obtaining, by the at least one computer, a selection of a virtual machine template and a lifecycle workflow;
instantiating, by the at least one computer, a provisioning workflow associated with the selected virtual machine template based on the selected lifecycle workflow, the provisioning workflow including provisioning, expiring, tombstoning, and disposing the virtual machine;
provisioning, by the at least one computer, the virtual machine on a physical host; and
activating, by the at least one computer, the virtual machine according to a timing specified by the provisioning workflow.
30. The method of claim 29, wherein the step of instantiating a provisioning workflow further comprises instantiating, by the at least one computer, the provisioning workflow according to a selection of workflow states and activities available for selection based on a particular role among a group of user roles, the group of user roles including support, end user, group administrator, and enterprise administrator roles.
31. The method of claim 30, further comprising restricting, by the at least one computer, the listing of virtual machine templates and lifecycle workflows available for selection based on access permissions associated with the particular role.
32. The method of claim 29, wherein
the virtual machine is unavailable during the tombstoning, and
the tombstoning occurs for a predefined period of time before the disposing and the after the expiring, and
the method further comprises receiving, by the at least one computer, a command to reactivate the virtual machine during the predefined period of time; and
reactivating the virtual machine in response to the command.
Description
RELATED APPLICATIONS

The patent application claims priority under 35 U.S.C. §119 to U.S. Provisional Patent Application No. 60/919,965, entitled Method and System for Managing Virtual and Real Machines, filed Mar. 26, 2007, the complete disclosure of which is hereby fully incorporated herein by reference.

FIELD OF THE INVENTION

This invention relates to systems and methods for managing virtual and real machines. More particularly, this invention relates to providing the infrastructure and processes for managing the lifecycle of virtual and real machines over multiple platforms, including virtual resources such as storage and virtual networks.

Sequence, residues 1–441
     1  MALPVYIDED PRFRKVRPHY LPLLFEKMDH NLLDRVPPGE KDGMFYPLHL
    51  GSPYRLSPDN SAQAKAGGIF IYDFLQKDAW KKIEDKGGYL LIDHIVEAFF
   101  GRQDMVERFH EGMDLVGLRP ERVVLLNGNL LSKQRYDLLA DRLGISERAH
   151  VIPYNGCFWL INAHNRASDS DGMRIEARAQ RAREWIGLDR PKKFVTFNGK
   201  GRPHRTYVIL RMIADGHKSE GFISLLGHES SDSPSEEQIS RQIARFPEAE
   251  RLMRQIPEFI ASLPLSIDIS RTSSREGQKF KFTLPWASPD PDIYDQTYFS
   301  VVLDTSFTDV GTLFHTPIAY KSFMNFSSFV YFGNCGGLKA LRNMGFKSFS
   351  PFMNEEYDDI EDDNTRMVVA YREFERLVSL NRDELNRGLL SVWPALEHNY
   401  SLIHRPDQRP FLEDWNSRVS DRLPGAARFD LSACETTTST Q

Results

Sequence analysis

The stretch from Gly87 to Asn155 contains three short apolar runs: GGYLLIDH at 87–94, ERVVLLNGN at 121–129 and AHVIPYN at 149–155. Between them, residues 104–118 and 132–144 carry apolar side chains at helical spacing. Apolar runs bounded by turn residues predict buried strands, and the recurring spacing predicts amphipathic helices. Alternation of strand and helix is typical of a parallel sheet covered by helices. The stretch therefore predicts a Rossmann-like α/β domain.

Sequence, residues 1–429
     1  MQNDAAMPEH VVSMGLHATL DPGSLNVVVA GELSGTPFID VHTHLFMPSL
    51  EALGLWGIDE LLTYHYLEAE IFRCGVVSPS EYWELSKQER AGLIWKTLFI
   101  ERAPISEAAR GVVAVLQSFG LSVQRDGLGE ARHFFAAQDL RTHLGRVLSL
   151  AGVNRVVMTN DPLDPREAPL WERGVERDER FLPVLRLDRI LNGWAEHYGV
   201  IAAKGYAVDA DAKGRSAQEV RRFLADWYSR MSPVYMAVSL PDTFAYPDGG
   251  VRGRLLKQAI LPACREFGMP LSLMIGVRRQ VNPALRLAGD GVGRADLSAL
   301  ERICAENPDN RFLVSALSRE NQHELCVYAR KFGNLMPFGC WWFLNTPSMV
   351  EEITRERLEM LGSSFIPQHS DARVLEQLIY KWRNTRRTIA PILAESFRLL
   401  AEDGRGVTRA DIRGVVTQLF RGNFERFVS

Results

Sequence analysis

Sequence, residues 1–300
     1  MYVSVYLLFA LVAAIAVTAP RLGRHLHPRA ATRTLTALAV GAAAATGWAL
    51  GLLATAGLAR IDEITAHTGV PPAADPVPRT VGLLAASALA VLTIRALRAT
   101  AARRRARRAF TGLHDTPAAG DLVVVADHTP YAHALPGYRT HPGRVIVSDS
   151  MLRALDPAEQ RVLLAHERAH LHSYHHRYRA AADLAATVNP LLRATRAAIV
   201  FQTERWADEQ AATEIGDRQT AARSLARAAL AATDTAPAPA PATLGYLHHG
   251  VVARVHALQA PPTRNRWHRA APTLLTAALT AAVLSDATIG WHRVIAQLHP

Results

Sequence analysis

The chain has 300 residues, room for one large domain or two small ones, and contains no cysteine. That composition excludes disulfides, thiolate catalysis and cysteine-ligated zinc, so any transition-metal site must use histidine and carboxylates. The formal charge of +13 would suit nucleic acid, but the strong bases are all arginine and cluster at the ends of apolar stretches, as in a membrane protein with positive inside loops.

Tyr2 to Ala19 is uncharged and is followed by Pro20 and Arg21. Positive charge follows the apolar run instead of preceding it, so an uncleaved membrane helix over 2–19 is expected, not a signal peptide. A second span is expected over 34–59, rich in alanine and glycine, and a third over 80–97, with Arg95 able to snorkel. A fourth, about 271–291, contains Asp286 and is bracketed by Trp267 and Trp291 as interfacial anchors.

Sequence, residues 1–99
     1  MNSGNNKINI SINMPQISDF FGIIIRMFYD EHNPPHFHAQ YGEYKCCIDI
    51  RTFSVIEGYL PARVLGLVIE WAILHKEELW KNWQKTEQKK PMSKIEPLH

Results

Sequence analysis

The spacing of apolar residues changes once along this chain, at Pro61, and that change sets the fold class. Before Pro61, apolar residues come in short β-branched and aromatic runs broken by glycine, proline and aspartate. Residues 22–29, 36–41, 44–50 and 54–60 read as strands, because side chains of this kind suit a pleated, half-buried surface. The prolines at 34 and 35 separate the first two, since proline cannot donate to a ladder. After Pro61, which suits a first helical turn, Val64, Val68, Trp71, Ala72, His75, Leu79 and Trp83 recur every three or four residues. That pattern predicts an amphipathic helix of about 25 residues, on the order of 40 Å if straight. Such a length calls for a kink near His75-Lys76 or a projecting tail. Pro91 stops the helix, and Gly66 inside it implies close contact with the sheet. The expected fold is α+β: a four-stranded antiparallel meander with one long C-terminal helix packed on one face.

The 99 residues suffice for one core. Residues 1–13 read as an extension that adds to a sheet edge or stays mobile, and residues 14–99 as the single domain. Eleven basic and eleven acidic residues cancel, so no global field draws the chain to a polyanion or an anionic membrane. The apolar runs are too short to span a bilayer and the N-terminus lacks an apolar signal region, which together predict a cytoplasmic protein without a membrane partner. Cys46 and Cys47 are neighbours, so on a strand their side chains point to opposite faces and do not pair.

BACKGROUND OF THE INVENTION

Computer networks and other computer infrastructure provide the backbone for corporate and government institutions today. Computer assets represent significant investments of time and money for these institutions, in the procurement, operation, and maintenance of these assets. These assess require significant power resources to run and cool the machines. The assets also require continuous upgrading of software, including system patches and anti-virus programs. Maintenance demands require system personnel dedicated to keeping the assets up-to-date and operating.

Computer software developers require access to computer assets to test software under development. These development activities often require different computer configurations to ensure that the software is adequately tested. Often, to ensure that they have adequate platforms to test software, these developers maintain multiple workstations. Each workstation requires capital investment and significant maintenance costs and is often used a fraction of the time only.

This demand by software developers for different types of machines for short periods of time helped drive the development of virtualization. Virtualization allows for multiple platforms to reside on a single computer. That is, multiple virtual machines could reside on a single real machine. Although virtualization was supported on both individual work stations and servers, the emphasis of this development was on the work station, which was the more typical computer resource used by developers.